Drawing: Anna Chancellor and Nicholas Farrell in South Downs / The Browning Version

The Browning Version

2011 marked the centenary year of Terence Rattigan’s birth and celebrations of his work swept the UK. One Telegraph critic labelled it, “an outbreak of Rattigan-worship”. Considered one of the most influential dramatists of the 20th century, Sir Terence’s works include The Winslow Boy, The Deep Blue Sea, After The Dance and The Browning Version.

The latter, his one act masterpiece written in 1948, was part of a mouth watering double bill with South Downs, David Hare’s contemporary response, written at the invitation of the Rattigan estate.

Both examine life in a boarding public school and revolve around unexpected acts of kindness, one from the perspective of a pupil and the other from that of a teacher. The Browning Version is based on Rattigan’s classics teacher at Harrow, and Hare wrote South Downs using his days at Lancing College as a backdrop.

Following a sellout run at the Chichester’s Festival Theatre Minerva Stage, it transferred to the West End’s Harold Pinter Theatre in April 2012 for a three month season. Both pieces featured Anna Chancellor and Nicholas Farrell as leads. In South Downs, Anna plays Belinda Duffield and Nicholas is the Rev. Eric Dewley. In The Browning Version, Nicholas plays the despised departing teacher Andrew Crocker-Harris and Anna his unfaithful wife, Millie.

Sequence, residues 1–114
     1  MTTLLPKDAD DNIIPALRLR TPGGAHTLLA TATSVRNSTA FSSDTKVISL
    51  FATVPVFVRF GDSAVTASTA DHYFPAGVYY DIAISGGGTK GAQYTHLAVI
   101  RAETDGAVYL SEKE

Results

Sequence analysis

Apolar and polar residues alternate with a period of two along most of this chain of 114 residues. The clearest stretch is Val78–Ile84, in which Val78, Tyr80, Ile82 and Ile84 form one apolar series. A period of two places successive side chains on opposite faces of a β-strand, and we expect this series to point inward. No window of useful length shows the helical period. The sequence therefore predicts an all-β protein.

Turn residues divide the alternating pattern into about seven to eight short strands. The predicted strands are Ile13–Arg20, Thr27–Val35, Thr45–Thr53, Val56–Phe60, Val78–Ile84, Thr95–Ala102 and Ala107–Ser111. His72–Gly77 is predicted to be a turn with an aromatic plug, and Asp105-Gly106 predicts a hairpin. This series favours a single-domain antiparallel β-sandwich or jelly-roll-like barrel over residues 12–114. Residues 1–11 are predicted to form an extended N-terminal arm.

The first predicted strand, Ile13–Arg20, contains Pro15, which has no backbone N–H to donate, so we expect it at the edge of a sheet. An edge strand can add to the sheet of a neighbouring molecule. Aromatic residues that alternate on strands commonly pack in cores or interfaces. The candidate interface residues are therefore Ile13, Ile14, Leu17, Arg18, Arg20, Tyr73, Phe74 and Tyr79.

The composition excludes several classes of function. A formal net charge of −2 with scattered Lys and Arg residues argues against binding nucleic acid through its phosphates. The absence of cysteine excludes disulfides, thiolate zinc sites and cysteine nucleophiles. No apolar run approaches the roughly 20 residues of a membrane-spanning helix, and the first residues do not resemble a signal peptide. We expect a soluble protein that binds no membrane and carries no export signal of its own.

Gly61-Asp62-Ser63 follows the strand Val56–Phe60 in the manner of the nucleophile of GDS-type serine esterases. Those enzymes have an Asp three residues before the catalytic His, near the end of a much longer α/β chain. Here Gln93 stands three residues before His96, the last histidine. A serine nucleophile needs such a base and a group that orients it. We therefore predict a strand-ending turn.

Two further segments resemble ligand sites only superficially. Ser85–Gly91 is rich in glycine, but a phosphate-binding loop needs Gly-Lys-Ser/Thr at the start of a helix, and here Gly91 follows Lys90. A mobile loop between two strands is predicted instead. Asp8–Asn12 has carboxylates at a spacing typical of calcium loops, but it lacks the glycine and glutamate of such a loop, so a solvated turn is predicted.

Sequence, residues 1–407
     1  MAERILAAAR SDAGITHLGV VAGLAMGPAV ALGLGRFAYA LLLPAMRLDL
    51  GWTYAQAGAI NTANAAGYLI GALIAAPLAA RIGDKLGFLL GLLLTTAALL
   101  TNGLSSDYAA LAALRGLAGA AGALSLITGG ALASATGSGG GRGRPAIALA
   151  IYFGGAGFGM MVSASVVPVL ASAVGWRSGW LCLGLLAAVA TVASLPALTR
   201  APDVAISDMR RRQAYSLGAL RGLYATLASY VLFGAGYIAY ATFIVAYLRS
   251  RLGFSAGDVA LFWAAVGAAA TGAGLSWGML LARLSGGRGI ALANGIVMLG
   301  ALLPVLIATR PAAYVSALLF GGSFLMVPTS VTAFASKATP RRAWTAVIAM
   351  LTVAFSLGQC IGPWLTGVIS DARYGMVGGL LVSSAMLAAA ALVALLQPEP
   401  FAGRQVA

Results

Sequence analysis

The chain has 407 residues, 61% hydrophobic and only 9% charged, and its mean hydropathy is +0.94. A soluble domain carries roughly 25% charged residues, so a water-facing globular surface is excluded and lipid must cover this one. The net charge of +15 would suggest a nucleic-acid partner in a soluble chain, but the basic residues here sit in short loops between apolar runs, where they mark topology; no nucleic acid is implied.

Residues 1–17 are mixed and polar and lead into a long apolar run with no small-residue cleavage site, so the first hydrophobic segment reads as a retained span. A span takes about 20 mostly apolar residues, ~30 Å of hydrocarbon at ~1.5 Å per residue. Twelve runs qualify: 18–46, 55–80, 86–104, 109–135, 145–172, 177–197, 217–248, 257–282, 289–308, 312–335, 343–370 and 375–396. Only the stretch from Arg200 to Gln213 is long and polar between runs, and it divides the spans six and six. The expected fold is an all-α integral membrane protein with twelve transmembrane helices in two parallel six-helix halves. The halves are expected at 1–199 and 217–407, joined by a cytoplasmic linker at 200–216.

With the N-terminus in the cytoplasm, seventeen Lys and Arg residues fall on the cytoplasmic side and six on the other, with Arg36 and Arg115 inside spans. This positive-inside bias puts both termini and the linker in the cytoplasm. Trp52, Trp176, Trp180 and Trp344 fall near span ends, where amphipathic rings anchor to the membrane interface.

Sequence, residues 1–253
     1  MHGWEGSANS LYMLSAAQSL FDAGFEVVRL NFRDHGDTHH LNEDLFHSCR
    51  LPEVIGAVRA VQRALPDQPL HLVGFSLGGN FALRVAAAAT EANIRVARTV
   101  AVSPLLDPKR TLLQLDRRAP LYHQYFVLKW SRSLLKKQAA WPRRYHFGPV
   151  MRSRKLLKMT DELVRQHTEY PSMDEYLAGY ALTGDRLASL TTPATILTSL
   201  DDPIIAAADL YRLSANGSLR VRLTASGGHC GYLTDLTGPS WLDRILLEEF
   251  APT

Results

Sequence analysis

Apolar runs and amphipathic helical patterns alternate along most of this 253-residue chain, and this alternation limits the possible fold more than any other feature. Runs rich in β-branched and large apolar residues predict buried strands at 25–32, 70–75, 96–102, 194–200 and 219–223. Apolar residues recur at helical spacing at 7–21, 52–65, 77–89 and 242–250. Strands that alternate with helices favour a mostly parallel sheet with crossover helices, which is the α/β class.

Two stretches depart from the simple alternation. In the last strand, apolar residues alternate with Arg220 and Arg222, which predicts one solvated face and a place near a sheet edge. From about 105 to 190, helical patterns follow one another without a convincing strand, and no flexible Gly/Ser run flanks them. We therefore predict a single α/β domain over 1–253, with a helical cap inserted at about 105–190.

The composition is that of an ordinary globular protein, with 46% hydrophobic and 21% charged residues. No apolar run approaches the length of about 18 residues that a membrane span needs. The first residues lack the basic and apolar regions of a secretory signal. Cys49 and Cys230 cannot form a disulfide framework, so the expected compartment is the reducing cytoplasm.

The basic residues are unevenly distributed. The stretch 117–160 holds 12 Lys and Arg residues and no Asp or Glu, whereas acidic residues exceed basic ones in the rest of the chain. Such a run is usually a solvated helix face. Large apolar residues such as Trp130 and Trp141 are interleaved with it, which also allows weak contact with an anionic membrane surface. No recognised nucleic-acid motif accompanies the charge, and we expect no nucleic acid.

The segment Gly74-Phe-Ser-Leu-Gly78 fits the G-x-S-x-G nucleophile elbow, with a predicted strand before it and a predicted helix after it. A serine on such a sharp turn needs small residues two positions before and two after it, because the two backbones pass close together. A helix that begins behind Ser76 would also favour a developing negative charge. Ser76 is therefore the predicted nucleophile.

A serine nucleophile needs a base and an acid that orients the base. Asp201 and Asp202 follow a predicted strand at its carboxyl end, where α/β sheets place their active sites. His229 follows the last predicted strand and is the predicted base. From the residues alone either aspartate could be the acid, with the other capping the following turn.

All the mainstream print media gave it no less than four stars. Charles Spencer in The Telegraph wrote “I gave it a rave review and five stars (at Chichester). Seeing it again on its transfer to the West End, it strikes me as an even greater achievement than it did then. If South Downs is a very good play then The Browning Version is an disputably great one. Nicolas Farrell’s performance is extraordinary and there is wonderful support from Anna Chancellor.”

Both Anna and Nicholas signed this montage sketch of both their respective characters at the Pinter stage door in July 2012.

Nicholas actually apologised for the slight variation in his usual autograph, correcting the initial spelling of his Christian name because he was “distracted by looking at the excellent sketch” while signing.

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